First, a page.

14 minutes. O’Malley chimes in to point out that Clinton has not always been so anti-gun, either, and calls both his rivals “inconsistent.” Then he starts throwing around brutal imagery—“that boy’s head was pierced with a bullet”—that makes everyone forget what he just said.

16 minutes. This leads into a discussion of criminal justice reform, police criminality and Sanders problem with attracting minority voters. All three candidates compete to appear more outraged than each other, none really disagrees on policy, and Sanders points out that polls are changing all the time. Black voters will come around to him once they get to know him, he says.

23 minutes. A similar drill with the opioid and heroin epidemic. All are outraged, empathetic, informed. All have plans that are similar. Sanders makes the good point that the drug companies that make the pills that are hooking all these people have a responsibility here as well.

25 minutes. As Holt cuts to a break, O’Malley tries to get in a word. “Just ten seconds,” he pleads. Lester Holt will not be messed with as he cuts to a break. O’Malley loses.

30 minutes. We’re back to fight about healthcare. Clinton has made the case that Sanders desire for universal government-run healthcare—Medicare for all—will dismantle things Democrats like, including Medicare for old people, Obamacare and a children’s health plan. Sanders points out that his plan would keep providing all the stuff that Democrats currently have and like, plus a lot more. To summarize: Sanders wants an apple. Clinton says if you want an apple, you will destroy the orange. Sanders says the apple actually contains the orange. In truth, the whole debate is not about principles, but about tactics, since Republicans are a mallet seeking to crush all government fruit. They fight to a draw.

Read More: Here’s the Philosophical Fight Underlying the Democratic Debate

42 minutes. Sanders gets the old question about whether anyone can take a candidate seriously if they call themselves a “socialist.” He answers by saying the Democratic Party needs to be reformed to create a 50-state-strategy, which is exactly the reform that was imposed on the Democratic Party in 2005.

43 minutes. O’Malley repeats his central thesis—that Clinton and Sanders are old and stale. “All my life I brought people together over deep divides and very old wounds,” he says. “And that’s what we need now in a new leader.” He also talks about “when I stand on a chair all across Iowa.” That is either a slip of the tongue or he is boasting of his balancing ability, like Buzz Lightyear would.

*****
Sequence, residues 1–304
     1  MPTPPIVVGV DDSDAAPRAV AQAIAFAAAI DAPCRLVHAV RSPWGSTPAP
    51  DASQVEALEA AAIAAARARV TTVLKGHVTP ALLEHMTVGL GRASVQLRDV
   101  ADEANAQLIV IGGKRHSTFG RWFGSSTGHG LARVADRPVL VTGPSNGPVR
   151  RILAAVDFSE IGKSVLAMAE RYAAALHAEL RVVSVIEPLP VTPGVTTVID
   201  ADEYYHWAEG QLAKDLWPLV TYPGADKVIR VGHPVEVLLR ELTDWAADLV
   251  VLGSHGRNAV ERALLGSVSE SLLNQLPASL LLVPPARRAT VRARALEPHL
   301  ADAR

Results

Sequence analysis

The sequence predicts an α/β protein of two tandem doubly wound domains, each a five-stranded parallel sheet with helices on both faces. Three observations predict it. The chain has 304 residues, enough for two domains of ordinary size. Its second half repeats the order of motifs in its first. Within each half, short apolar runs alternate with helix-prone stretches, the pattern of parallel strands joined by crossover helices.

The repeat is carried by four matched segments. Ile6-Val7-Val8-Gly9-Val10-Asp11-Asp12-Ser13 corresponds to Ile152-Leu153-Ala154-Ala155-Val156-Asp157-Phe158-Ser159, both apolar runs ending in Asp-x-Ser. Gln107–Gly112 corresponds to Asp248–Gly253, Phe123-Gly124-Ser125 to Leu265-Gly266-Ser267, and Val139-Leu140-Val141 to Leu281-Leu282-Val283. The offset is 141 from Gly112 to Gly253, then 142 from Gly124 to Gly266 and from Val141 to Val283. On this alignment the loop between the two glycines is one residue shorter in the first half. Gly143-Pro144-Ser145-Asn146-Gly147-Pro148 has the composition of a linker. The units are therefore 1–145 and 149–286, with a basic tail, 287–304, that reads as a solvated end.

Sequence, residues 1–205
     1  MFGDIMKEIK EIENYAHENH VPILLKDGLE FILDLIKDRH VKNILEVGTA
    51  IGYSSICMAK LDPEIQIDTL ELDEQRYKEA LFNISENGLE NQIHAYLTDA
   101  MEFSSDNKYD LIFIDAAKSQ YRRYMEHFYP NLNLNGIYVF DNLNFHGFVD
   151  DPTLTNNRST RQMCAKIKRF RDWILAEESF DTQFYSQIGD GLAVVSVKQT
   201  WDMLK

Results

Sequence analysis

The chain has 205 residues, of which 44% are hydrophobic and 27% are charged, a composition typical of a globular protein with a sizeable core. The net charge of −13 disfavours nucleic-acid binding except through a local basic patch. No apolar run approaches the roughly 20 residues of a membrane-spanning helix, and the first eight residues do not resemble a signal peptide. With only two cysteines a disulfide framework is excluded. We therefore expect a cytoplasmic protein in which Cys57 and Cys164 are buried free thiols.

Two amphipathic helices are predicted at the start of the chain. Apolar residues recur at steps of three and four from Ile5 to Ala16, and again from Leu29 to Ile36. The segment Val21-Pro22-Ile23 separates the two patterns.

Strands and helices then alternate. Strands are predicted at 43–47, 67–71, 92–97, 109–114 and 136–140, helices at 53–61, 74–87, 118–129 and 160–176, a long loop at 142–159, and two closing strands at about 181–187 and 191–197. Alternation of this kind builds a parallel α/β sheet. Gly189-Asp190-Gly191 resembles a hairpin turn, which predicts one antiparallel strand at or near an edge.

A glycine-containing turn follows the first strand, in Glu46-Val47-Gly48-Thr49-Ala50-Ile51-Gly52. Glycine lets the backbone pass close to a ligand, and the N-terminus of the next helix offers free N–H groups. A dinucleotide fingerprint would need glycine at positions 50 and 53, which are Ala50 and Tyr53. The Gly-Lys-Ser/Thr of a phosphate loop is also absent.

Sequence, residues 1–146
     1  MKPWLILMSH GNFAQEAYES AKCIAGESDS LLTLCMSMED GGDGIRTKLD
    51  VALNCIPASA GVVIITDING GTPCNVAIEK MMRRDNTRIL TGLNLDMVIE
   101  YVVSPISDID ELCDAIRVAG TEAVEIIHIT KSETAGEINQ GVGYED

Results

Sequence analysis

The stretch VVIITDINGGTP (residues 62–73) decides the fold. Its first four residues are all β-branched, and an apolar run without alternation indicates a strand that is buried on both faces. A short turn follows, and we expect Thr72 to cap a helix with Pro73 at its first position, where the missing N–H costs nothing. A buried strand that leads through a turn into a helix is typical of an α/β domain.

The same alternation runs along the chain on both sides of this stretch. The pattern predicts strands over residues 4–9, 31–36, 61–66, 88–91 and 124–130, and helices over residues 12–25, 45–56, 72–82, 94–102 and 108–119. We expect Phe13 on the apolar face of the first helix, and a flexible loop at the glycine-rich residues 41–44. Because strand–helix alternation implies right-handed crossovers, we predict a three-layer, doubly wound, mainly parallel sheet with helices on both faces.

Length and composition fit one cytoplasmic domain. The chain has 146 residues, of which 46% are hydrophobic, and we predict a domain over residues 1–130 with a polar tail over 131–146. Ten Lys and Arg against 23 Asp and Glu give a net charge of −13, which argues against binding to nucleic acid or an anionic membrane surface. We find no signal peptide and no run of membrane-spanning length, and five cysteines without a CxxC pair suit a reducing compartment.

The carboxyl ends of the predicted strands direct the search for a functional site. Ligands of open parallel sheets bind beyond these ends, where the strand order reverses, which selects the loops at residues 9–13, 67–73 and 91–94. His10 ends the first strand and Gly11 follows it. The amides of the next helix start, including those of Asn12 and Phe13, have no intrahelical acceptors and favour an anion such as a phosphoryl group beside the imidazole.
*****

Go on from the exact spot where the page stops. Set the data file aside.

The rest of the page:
46 minutes. Clinton is asked why Sanders is beating her by a margin of 2-to-1 among younger voters. She clearly does not think it has anything to do with her habit of not answering direct questions. “I’m going to keep working as hard as I can,” she says.

47 minutes. As Holt cuts to commercial, Sanders tries to get a word in. But again, Holt holds nothing back. The commercial is cut to.

51 minutes. The next topic is the economy, which in this context means a discussion of Clinton’s campaign contributions and speaking fees from Goldman Sachs. “I don’t take money from big banks. I don’t get personal speaking fees from Goldman Sachs,” says Sanders. Clinton shoots back by saying Obama took money from Goldman, and he turned out okay. Then Clinton drops another oppo-blizzard. “Senator Sanders called [Obama] weak, disappointing,” she says. “He even, in 2011, publicly sought someone to run in a primary against President Obama.”

Read More: See the Bernie Sanders Side Eye That Won the Debate

53 minutes. Sanders counters by pointing out that he supported Obama in both elections, and that Obama supported him in 2006. Then he repeats himself. “Can you really reform Wall Street when they are spending millions and millions of dollars on campaign contributions and when they are providing speaker fees to individuals?” he says.

58 minutes. O’Malley tries to get between them, and attacks Clinton. It goes around for a while, until Clinton throws out a Hail Mary. “Senator Sanders, you’re the only one on this stage that voted to deregulate the financial market in 2000,” she says. This is simply stunning. The bill she is referring to was signed into law by President Clinton. Her husband. Whose record she has made a central selling point of her own campaign.